Fr. Steve’s homily (09/06/2015)

Jesus ordered everyone to keep this amazing miracle under wraps. Jesus knows the tendencies of our fallen nature. He knew that too many reports of miracles and prodigious events would lead people to think of him merely as a wonder-worker. They would feed the impression that he had come to create paradise on earth, that his Kingdom was merely a really good earthly reign.
He wanted more time to explain his vision, to convince people that the Kingdom of God went far beyond politics and economics, touching people’s hearts and bringing them back into communion with God, putting them on the path to eternal life.
His miracles were not the goal of his ministry, they were simply signs of credibility, confirmations of the truth of his teachings, invitations to trust, obey, and follow him. In Him the Kingdom of God is at hand.
The lives of the saints are full of similar signs, reminding us of the same thing that Christ’s own signs showed us: God’s limitless power and active goodness in this life for the sake of the next.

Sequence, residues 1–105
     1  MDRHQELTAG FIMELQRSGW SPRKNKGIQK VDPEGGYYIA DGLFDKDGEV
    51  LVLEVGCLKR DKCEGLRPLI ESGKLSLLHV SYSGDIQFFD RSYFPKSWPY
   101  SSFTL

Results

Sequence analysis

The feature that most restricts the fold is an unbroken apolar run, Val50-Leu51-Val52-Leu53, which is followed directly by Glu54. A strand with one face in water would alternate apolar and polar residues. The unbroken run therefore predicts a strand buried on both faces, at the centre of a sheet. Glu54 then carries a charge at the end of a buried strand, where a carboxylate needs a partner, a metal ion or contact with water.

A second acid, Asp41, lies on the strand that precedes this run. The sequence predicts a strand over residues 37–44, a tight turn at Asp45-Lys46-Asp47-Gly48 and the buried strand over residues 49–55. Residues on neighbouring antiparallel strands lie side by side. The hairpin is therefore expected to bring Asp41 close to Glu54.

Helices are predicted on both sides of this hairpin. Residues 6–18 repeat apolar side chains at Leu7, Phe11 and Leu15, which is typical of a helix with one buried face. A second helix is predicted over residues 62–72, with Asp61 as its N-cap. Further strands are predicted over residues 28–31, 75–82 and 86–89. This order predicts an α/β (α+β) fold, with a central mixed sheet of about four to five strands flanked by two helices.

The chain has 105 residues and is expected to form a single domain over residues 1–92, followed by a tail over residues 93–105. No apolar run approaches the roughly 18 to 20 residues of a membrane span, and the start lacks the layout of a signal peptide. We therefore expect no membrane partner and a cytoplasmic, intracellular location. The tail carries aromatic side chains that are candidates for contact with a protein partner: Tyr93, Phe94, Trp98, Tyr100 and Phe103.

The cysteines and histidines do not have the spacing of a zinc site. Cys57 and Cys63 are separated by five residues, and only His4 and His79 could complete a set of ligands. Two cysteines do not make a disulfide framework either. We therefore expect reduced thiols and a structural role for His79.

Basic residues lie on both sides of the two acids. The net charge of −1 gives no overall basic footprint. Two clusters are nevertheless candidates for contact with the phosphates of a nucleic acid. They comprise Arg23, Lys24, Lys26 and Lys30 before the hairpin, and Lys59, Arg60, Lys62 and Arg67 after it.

The concept of having patron saints flows from this truth of our faith, because it brings God’s supernatural action down to earth, where we can encounter it and be encouraged by it. A “patron saint” refers to a saint whose personal life-experience (or an aspect thereof) relates to a general category of life-experience. And, so the logic goes, since the saint achieved holiness and eternal life through that particular life-experience, he or she is considered a singularly apt model and intercessor for others following a similar path.
(window in sanctuary) For example, St Francis de Sales made remarkable use of mass-produced pamphlets to win heretics back to the true Church. As a result, he was named a patron saint of journalists and writers.
St Patrick and Ireland. St Clare of Assisi and television. Name? Confirmation?
The wonders God works through his saints are real signs of his power and goodness, as are the miracles recorded in the Gospels, and we should have no fear about letting our patron saint inspire us—and others.

posted in Homily by

Leave a Reply